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Expansion of Exemption for Technicians Working on Equipment in Canada

Many repair technicians conducting work under the original sale or lease warranty for equipment in Canada are exempted from the requirement of a work permit under after-sales service provisions that classifies them as business visitors. However, work outside of such warranty or cases that do not otherwise fit into these provisions do require a work permit. Following the June 2014 overhaul of the Temporary Foreign Worker Program, technicians conducting non-warranty work on equipment in Canada became a costly and complicated process. The burden of the Labour Market Impact Assessment (LMIA) fees and process made performing timely repairs a potentially overwhelming process. A recent revision to the International Mobility Program (IMP: work permits exempt from the need for a LMIA) appears to serve to reduce such cost and complexity by increasing the scope of repairs that may fit into provisions governing emergency repairs.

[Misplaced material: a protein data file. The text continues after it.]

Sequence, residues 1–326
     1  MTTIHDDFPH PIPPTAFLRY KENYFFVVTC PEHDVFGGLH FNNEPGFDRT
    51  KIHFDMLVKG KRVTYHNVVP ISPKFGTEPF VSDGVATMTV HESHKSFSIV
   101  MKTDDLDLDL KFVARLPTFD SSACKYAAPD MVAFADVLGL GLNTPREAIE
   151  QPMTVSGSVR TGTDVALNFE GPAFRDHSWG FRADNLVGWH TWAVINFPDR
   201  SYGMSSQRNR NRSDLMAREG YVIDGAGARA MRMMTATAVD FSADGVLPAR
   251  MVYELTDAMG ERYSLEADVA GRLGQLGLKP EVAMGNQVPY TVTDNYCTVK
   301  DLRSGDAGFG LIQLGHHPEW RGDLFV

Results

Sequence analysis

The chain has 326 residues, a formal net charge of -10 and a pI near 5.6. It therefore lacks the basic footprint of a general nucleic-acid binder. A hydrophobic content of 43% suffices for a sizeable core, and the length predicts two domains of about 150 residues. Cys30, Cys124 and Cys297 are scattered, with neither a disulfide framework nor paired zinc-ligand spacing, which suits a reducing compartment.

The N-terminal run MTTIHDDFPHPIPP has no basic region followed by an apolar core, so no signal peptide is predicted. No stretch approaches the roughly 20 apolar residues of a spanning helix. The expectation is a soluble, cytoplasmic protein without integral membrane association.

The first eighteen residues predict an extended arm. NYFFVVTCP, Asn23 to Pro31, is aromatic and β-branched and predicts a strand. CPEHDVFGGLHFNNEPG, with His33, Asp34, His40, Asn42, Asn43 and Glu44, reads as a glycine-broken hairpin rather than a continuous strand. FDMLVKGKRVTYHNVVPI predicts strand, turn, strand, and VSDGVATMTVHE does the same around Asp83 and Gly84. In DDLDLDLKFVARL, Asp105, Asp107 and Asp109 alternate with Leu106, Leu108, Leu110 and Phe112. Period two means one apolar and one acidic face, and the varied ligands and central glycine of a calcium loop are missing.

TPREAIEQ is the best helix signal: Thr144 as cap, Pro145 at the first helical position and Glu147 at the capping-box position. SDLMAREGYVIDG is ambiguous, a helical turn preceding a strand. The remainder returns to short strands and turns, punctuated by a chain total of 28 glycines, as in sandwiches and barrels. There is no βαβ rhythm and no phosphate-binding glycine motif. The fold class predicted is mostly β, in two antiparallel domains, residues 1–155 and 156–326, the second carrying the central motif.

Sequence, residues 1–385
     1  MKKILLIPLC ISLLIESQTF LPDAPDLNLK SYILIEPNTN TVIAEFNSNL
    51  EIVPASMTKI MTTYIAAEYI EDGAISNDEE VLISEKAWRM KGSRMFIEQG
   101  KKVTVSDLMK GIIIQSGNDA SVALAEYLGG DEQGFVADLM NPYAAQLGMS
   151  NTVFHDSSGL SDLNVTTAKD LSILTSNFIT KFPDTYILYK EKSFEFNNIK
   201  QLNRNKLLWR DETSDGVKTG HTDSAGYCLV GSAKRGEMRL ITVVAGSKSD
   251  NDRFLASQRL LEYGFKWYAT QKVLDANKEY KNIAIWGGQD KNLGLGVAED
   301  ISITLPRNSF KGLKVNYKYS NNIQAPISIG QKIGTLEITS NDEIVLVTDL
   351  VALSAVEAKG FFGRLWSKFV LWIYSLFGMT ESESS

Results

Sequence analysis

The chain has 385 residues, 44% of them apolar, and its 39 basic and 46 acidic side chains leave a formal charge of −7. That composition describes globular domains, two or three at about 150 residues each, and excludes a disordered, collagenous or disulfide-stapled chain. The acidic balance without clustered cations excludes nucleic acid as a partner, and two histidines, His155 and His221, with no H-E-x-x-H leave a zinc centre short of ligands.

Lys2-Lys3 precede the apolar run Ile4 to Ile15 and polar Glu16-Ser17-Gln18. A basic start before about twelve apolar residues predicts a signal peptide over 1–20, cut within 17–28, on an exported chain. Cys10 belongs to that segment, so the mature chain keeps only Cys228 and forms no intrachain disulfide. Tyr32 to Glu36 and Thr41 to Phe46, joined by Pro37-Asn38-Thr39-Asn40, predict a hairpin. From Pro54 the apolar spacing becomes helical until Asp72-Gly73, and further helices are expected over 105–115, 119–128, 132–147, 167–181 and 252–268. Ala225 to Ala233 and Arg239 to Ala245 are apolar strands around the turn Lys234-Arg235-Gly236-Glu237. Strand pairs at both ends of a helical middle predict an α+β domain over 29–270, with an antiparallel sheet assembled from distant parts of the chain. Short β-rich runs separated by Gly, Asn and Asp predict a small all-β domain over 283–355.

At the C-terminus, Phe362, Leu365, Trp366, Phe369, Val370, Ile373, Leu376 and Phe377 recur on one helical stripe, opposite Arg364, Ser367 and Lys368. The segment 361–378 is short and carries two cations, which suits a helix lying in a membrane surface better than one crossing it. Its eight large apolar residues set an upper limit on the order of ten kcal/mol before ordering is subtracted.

Whereas an official of CIC or CBSA had to be previously satisfied that the work in Canada constituted an emergency, the revised provisions specifically additionally refer to repair personnel for out of warranty equipment. Such personnel are required to have specific knowledge regarding the equipment, and the manufacturer of the equipment should not have any presence in Canada. The applicant should also be able to satisfy the officials that Canadian jobs will be negatively affected in the case that timely repairs cannot be carried out promptly. It is anticipated that such work would ordinarily be completed in less than one month, however it may be possible for admission to be granted for a longer duration or extended with a suitable rationale.

As with all IMP work permits, the employer must complete the compliance filing and remit the $230 fee for such prior to the application for the work permit. At the time of the application, the IMP worker will be subject to the normal CAD$155 processing for the permit itself. Such applications can be processed at a port of entry, at an international mobility worker unit within Canada, or at a visa office, depending on the circumstances of the case and the time available prior to the scheduled start of work.

Date Posted: May 26, 2015 Posted In: Business Visitor,International Mobility Program,Labour Market Impact Assessment,Temporary Work Permits

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